Esther (pilotis) wrote in ohnotheydidnt,

Ashley Graham disagrees with new COVID-19 measures on birth in hospitals

-There have been some hospitals recently who have not been allowing women to have their partners in the room with them due to COVID-19.

-Supermodel Ashley Graham posted a video on her Instagram voicing her opinion surrounding the new hospital restrictions:

'So now due to COVID-19, there are some hospitals in New York City that are not allowing mothers to have their significant others in the room while they're delivering. That means mothers will not have a support system while delivering their child.'

'I understand that hospitals have to protect their staff, they have to protect the patients, the mothers, the children and everyone else, but I really believe mothers need to have a support system, even if it's just one face they know and they trust'

The model gave birth to her son Isaac with husband Justin Ervin in January.

Do you agree with Ashley?


Tags: covid-19, models
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she’s right. birth isn’t a solitary activity. i understand the doctors and nurses will be there to help with delivery, but having just one other person there as a source of support is vital for the health of both mother and baby.
I agree. A lot of these comments are disturbing, but goes along with the child-loathing on here...


March 25 2020, 16:54:28 UTC 1 week ago Edited:  March 25 2020, 16:54:41 UTC

It's kinda creepy lol, like I never wanna have kids but that line of thinking would never cross my mind...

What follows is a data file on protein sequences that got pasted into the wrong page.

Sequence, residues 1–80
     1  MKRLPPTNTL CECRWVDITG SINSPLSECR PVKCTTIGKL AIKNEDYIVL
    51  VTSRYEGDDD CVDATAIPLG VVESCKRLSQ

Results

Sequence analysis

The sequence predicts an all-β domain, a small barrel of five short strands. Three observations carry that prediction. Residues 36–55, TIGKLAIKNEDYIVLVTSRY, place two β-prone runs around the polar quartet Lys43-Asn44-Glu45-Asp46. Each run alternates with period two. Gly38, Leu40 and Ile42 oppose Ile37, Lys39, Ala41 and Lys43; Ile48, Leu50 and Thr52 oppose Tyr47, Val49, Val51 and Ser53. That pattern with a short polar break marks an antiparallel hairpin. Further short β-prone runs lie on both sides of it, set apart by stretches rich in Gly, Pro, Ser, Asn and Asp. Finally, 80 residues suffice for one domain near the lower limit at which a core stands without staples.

1 week ago

its just misogyny tbh
I don't like kids. don't want kids and still think people here do far too much.
Whatever the mom has the dad will also. They live together!
Lol. Not all parents live together.

Listen couples who separate completely during a pregnancy are a tiny minority. That would be a shitty dad-to-be to not even check in on the woman carrying their baby.
Imagine if you can give birth thru Skype
this is happening in the uk too. visitors are banned from the whole hospital, we've got to keep people as safe as possible.
Nah she's right here, there's a million other healthcare risks that come with childbirth. It's important that during this crisis we also don't overlook non-COVID health burdens, and the US in particular is awful with maternal/neonatal health. Just one person should be worth absorbing the risk. Perhaps add a self-quarantine guideline for that support person based around due dates or smth to reduce the risk.
+1, plus the mental health risks, childbirth can be incredibly traumatic

mental health in general is severely neglected right now - i understand why, the physical health needs are far more pressing, but we're likely to see upticks in ptsd cases when this is all over, this entire situation is unbelievably traumatic and the west already has horrible mental health treatment
+1, 100%

Labour and delivery were by far the most terrifying time of my existence and my husband bowled me over by how calm he was throughout. He was an effin superstar during the actual delivery and right after, and I'm eternally grateful that he was there. It's such a mentally harrowing experience and any support person there is more than worth it imo.

Also just wanna say I envy the ease with which she's nursing, sigh.
this- have the spouse self-isolate or get tested before being in the room and make sure he's wearing full protective gear
the tests take like a week though, what do you do if people are having unscheduled births?


1 week ago


1 week ago

That would be fine if we had extra tests and PPE to go around, but it’s not feasible when there are so few tests/PPE to go around that hospitals are refusing to test anyone unless they are sick enough to be admitted and healthcare providers are be threatened by hospital admin if they refuse to care for COVID-19 pts without proper PPE.